Why has the beauty industry struggled to embrace all skin tones?
By Carlene Thomas Bailey

Eryca Freemantle is campaigning for the industry to ‘embrace skin tones of all women’. Here she explains how she is tackling beauty’s diversity problem.

Oct 14, 2016
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As part of a new series at WGSN we are inviting guest speakers into our global offices to talk about an industry topic that is close to their heart. To kick off this series, beauty expert Eryca Freemantle visited our London offices to talk about the beauty industry’s diversity problem. As an industry expert, global makeup educator & industry strategist, Freemantle works to get the industry to think about their lack of diversity, and redress the balance. Her campaign ‘Embracing All Tones Of Women’, challenges the beauty industry and encourages beauty professionals to become confident when working with different skin tones. We spoke to her to find out more….

Why do you think that the beauty industry has been so slow to embrace all skin tones?

In my opinion, there are several reasons, I think many brands do not feel they should invest in darker skin tones because it is too much of a high-risk factor.  It was believed for a long time that darker women didn’t really care and wouldn’t invest in their own skin but that instead, their priority was their hair. What the mainstream industry does not realise is that all our major influences come from Africa and we have always invested in our skin but not in the conventional mainstream way. If you think back over history and you look at the culture of African women we always expressed ourselves by painting on our bodies, painting our faces and shower ourselves with ornaments.

Consumer spend (or perceived lack of diverse/ethnic consumer spend) is often blamed for the lack of product options. How much do you believe that this is the case and how much of that is a myth?

I believe this to be a myth.  There is a major misunderstanding when it comes to the diverse consumer, this is due to a lack of understanding the needs of the growing diverse cultures here in the UK.  In my opinion, there is a lack of education and empathy for others from different backgrounds.

A lot of UK based black celebrities have launched beauty lines to try and fill the huge gap in the market, but they don’t seem to last long, from the Jamelia ModelMe Toni and Guy range for Boots to Beverly Knight’s makeup launch- do you think it’s a funding issue?

Yes, it’s an issue because the products are not OWNED by the individuals.  There is a lack of commitment from the financial partner, so the finished product is usually hit and miss. The marketing material is usually wrong and most of all it is believed one tone suits all. The target audience is not convinced and then the product doesn’t sell.

I always say that makeup for darker skin is always about the undertone. Only a committed brand will understand that technical side of product (from creation to production to merchandising) needed to service the mass growing ethnic market. I understand this inside out, hence why I offer my product development skills to makeup companies.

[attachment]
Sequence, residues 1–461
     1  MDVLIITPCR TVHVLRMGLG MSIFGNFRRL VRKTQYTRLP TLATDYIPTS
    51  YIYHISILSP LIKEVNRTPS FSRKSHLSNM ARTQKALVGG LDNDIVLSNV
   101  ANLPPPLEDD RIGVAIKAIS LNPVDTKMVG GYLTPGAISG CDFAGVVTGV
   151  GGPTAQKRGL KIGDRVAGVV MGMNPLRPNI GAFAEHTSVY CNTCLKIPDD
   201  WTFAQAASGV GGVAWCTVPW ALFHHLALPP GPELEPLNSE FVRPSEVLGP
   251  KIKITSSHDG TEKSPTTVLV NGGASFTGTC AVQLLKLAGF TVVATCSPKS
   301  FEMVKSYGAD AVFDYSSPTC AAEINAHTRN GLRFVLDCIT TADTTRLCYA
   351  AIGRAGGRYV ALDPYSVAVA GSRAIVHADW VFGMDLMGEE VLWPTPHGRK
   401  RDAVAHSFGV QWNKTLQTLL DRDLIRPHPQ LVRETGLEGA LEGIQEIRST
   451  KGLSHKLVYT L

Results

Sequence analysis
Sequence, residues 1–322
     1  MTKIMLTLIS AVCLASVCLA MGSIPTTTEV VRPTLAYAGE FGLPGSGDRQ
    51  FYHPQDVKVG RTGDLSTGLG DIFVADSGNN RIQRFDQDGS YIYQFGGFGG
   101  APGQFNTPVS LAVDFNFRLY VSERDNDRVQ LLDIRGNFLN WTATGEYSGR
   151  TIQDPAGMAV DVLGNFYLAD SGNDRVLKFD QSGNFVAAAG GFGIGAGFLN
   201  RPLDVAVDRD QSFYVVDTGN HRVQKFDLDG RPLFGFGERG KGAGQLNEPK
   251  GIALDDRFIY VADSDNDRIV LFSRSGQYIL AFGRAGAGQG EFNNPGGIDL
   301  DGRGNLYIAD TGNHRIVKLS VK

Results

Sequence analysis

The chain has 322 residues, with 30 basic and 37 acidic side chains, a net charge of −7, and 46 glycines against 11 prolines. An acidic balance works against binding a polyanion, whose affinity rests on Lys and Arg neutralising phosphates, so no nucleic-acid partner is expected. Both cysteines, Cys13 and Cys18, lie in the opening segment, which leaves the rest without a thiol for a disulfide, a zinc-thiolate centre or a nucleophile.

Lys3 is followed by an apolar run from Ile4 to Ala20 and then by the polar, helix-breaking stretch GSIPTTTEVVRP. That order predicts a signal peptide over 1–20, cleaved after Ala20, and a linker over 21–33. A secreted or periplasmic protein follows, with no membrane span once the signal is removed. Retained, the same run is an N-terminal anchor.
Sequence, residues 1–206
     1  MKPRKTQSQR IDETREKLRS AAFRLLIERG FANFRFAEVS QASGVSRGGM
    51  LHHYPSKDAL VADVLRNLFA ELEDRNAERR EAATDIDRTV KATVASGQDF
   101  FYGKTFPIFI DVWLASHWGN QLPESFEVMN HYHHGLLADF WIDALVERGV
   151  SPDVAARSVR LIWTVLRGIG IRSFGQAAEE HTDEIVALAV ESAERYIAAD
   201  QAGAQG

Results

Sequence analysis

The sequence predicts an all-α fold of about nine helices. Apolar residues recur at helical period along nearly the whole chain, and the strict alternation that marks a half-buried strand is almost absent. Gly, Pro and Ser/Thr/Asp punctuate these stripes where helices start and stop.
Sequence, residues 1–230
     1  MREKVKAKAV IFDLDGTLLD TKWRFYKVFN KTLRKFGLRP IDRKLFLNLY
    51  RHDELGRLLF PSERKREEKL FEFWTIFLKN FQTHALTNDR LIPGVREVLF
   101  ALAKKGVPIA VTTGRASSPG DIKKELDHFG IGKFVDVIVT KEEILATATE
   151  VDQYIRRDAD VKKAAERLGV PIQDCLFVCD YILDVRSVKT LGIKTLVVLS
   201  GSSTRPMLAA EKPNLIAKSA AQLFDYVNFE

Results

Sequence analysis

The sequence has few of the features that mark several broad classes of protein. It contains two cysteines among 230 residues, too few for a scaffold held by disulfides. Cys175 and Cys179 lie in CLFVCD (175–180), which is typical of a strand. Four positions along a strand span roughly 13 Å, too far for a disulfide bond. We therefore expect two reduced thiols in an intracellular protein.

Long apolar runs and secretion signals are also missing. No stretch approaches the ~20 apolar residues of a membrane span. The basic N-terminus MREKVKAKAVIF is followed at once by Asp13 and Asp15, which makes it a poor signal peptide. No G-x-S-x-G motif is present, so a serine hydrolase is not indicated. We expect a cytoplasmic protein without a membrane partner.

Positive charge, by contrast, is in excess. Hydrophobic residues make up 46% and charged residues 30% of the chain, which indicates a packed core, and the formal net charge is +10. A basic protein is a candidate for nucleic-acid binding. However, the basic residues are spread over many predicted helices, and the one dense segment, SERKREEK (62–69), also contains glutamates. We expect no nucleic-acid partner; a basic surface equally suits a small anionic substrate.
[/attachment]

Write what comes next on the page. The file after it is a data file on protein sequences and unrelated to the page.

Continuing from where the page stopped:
Do you think that social media and increased consumer power is creating change in this area?

Probably – but also there is so much bad makeup application on social media, as many so-called experts online are not trained.  I think it goes back to training – we offer online training for professionals – we cover things from terminology, culture, demographics, myths and the phenomenal spending power of ethnic groups.

What do you think of young black women like Florence Adepoju from MDM flow who has created her own beauty line, do you see yourself as a pioneer for this generation?

I am very proud of Florence and all women taking the initiative to create their own makeup and beauty lines for their own skin tones, regardless their country of origin, their ethnic group and their skin undertone.  Florence is a smart lady and saw the opportunity and ran with it. I see myself to be a pioneer for all generations- having been in the industry for over 30 years I understand the young woman and her struggles- I also understand the struggle for the woman over 50.  This is a group the beauty and makeup industry tends to forget about and she (the woman over 50) has more disposal income.

Over the last 5 years there is a noticeable change in the beauty market. There are approx. 12 makeup lines who produce makeup (foundations) for all skin tones. Here are a few Bobbi Brown, MAC. Kryolan, Urban Decay and Makeup forever. What is the noticeable pattern? – they were all created and founded by elite makeup artists.

What have you learned through being a speaker on these issues? Both as an industry expert and a consumer?

I say it every day there is so much to learn and understand about darker skin tones. It is not just about the colour of the skin. When speaking at events about Embracing All Tones of Women (a campaign started by myself), I see how embarrassed and confused my colleagues are around anything to do with dark skin- they are embarrassed to broach the issue of diversity and have open conversations around that. We need to create high profile educational platform and conferences for all those in the beauty industry to attend. With the right partners, sponsors and supporter this is something we would like to create for the industry.

Like this? Follow Eryca on social media, via Twitter and Instagram.

Want more? Check out our blog on Diversity in design: Why it’s a business imperative here

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